In 2009 circumstances led me to begin staining porcelain and making coloured clay ceramics without really knowing anything about the process. I found inspiration online in the form of images of ceramics by Ito Sekisui V and Thomas Hoadley who has written an excellent description off the technique saying,
''My initial attraction to the nerikomi technique came from its organic union of pattern and structure. Rather than the former being applied to the latter, as in most decorative pottery traditions, the two are one and the same''.
The images of coloured clay I found online made me realise pots could be made using colour as a primary consideration in the structure of the piece as opposed to colour being used as a design or purely decorative element.
It became apparent that I could build pots with blocks of colour.
Porcelain is fired to 1220 degrees centigrade and is composed of very fine white particles that are easy to stain with pigments but once stained the clay loses its plasticity, similar to a dry short crust pastry-not the optimum consistency with which to make fine pottery. For this reason making ceramics using this technique presents a challenge.
My interest in ceramics started early with art classes at school then to college to study art. Then after this renting various potteries/studios around Brighton and then a big move at the age of twenty eight to Sedona, Arizona where I worked as an apprentice potter at www.sonsilverwest.com making porcelain wares for Bill and Rose Robson.
Bill was a Laguna Beach potter who had moved from California to Sedona and had invested in an art gallery. He brought with him a monster sized forty cubic feet West Coast gas kiln which over the years I learnt to operate. This was a fruitful working realtionship that lasted four years. We used cone 10 glazes bought from Laguna Clays and experimented with glaze recipes from a Carlton Ball('build them high, build them tall, build them just like Carlton Ball') glaze recipe book. Laguna Clays employed a man called Alfonso, a troubleshooter who sat at the end of a telephone line with solutions to technical problems generally off the top of his head. I would call to ask various questions about problems I was experiencing with the glazes and there was nothing this guy did not know about ceramics( a large topic),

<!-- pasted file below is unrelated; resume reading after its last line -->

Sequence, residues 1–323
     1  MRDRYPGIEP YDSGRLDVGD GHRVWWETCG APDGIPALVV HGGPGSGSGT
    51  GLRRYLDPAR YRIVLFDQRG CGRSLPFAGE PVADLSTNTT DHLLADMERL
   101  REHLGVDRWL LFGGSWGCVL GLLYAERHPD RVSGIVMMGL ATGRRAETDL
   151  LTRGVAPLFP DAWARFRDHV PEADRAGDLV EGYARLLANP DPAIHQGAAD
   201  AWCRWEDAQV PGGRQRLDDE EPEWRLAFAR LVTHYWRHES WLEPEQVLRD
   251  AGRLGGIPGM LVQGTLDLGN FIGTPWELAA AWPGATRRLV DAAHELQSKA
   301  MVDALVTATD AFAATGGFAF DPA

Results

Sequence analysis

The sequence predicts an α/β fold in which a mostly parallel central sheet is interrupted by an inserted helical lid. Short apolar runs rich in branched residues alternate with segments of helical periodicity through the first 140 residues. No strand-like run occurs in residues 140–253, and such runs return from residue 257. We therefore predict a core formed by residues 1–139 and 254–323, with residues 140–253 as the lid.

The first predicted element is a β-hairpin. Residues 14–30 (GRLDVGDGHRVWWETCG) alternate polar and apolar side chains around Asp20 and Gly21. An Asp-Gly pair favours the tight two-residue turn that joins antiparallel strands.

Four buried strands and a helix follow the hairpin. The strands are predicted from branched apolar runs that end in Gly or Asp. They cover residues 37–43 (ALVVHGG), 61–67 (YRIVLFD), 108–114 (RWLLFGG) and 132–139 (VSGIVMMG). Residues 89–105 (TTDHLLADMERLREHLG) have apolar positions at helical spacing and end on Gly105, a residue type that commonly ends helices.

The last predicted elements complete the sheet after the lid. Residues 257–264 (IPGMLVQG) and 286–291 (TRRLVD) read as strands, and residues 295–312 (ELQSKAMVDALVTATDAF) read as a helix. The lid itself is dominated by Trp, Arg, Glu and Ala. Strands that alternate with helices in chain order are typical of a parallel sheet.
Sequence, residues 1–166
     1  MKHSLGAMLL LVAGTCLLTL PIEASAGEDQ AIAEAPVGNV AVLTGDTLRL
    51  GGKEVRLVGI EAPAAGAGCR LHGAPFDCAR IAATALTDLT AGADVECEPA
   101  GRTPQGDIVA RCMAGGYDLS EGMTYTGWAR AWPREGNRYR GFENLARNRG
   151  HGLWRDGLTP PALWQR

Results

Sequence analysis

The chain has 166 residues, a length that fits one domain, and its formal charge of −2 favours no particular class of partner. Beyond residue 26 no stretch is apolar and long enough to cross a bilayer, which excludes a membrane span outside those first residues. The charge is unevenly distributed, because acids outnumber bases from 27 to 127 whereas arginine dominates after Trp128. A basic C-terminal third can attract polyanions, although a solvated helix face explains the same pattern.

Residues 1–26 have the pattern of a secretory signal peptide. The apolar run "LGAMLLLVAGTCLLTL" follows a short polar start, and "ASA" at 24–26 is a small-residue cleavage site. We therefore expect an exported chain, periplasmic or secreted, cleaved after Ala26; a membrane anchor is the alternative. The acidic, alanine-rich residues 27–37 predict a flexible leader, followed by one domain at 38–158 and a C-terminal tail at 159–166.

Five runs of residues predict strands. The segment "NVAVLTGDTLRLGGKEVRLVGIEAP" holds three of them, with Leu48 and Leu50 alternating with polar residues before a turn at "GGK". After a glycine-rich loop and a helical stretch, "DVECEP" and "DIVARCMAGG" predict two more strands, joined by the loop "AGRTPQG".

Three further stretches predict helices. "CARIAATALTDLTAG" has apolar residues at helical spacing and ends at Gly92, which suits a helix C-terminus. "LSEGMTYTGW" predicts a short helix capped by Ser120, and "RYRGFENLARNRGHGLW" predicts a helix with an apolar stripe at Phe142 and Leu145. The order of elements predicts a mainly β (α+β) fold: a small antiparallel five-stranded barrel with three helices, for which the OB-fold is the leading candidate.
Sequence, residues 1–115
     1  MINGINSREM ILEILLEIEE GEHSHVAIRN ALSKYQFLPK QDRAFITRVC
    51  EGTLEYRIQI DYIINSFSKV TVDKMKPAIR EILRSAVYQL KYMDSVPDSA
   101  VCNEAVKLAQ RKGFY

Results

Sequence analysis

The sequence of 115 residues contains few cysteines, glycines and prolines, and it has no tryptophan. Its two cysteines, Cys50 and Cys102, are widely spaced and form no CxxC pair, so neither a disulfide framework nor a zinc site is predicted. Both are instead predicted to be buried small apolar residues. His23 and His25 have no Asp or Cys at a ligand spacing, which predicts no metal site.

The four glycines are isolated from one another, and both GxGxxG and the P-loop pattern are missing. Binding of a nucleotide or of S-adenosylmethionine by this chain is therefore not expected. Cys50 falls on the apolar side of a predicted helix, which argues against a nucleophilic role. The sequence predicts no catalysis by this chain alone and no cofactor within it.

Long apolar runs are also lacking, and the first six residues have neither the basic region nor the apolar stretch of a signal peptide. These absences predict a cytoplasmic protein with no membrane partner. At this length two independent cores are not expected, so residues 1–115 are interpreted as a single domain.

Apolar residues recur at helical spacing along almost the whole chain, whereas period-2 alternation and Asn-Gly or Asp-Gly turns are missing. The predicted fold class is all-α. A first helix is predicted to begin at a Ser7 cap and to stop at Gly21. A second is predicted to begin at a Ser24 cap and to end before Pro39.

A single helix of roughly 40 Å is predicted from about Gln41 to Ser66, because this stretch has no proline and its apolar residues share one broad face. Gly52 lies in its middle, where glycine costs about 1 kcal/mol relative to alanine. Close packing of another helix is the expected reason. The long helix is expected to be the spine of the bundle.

a prime example of American customer service.
I returned to the UK in 2001 and instantly enrolled in another B.A. Degree Studio Ceramics course at Falmouth School of Art in Cornwall, graduating in 2004 and shortly thereafter volunteering my services at Bosence Farm Community as resident potter. This is where I began staining porcelain and making coloured clay ceramics as well as offering my services in their fabulous pottery as a potter. It proved to be a rewarding period in my life and I am grateful for the opportunities it presented.
Bosence Farm is located in a lush green valley facing Godolphin hill which is situated next to Tregonning hill, the site where China Clay was discovered by William Cookworthy in 1746. This discovery led to the English China Clay industry which became centered in St Austell in Cornwall twenty miles away.
I would like to thank Peter Smith who, similar to Alfonso at Laguna Clays, has tremendous experience in ceramics and has been more than willing to offer advice when I get stuck.